If you have some ESL qualifications, so much the better: CELTA, TESOL, any tutoring experience won’t hurt your chances. Even if you don’t like your job you can quit and look for another, because you can be jobless with a work visa for up to 90 days.
The key factor to finding a job is that it comes with visa sponsorship—but only a few companies will hire from abroad, so keep a lookout for those that do. Finding a non-teaching job is certainly less common, but if you have the right qualifications (or you are fluent in Japanese) you can give it a shot.
Having a tight, impressive CV will improve your chances.
Enroll as a Student: If you have been accepted as a student in a credited school, you’ll need a letter of enrollment as well as a bank statement or proof of scholarship that proves you can manage yourself financially for the time you are studying abroad.
Note that you’re not allowed to work unless you get special permission from immigrations (and then only 20 hours per week are permitted).
Get Married: Alternatively, you can marry a citizen or permanent resident of Japan. This grants you a spouse visa, granted in periods of 6 months to 5 years.
Take note that you should apply for your permit before you leave home.
Regardless of your visa type, you’ll have to submit several documents to the Embassy — Passport, visa application form, photograph, and certificate of eligibility (an official letter of sponsorship from a job or a school). It might take a few weeks to a few months to process, so make the arrangements well before your flight.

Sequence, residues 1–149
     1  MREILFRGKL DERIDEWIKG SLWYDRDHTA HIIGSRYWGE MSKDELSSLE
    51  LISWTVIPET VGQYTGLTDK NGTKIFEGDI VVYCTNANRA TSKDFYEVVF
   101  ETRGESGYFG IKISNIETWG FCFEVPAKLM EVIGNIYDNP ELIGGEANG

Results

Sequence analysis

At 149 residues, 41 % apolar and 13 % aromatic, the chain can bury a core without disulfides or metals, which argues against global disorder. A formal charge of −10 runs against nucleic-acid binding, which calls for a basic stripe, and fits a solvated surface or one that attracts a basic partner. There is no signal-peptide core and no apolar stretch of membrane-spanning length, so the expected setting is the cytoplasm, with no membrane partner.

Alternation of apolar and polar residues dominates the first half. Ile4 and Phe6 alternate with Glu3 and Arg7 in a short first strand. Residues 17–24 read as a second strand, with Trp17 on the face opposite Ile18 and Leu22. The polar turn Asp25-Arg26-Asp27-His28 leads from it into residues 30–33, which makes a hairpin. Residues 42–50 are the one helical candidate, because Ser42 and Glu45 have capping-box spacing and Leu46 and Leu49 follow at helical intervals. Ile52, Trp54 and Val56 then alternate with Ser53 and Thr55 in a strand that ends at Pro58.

As soon as you arrive in Japan at the airport with your papers in hand, officials will issue a residence card for you. Always keep this in your wallet. This card is necessary to open a bank account, obtain a cell phone, or convert a driver’s license.
Within the first two weeks of your arrival, you need to register your address with the nearest city or ward office.
As long as you are still employed or enrolled at the end of your visa, renewal of your permit is relatively painless, and takes only a few weeks maximum to process. You may stay in the country while it’s being processed, even if your previous permit expires.
If you have a work visa, you can get the company sponsoring you to arrange your accommodation, but I generally advise against this, because a) monthly rent is usually expensive, b) you have no control over where you live, and c) it puts you in a difficult position should you ever want to quit.
Better yet, find temporary accommodation, a share house, hostel or Airbnb, until you can get on your feet.
There are many benefits to moving in a share house when you first arrive. Share houses are typically month-to-month contracts, utilities included, with only a down payment of the first month’s rent. They also often come fully furnished with bed, closest and desk.
There are downsides however, especially if you’re someone who values privacy—the kitchen, showers and common rooms are typically shared. You can’t choose the people who share with, and there’s generally less personal space.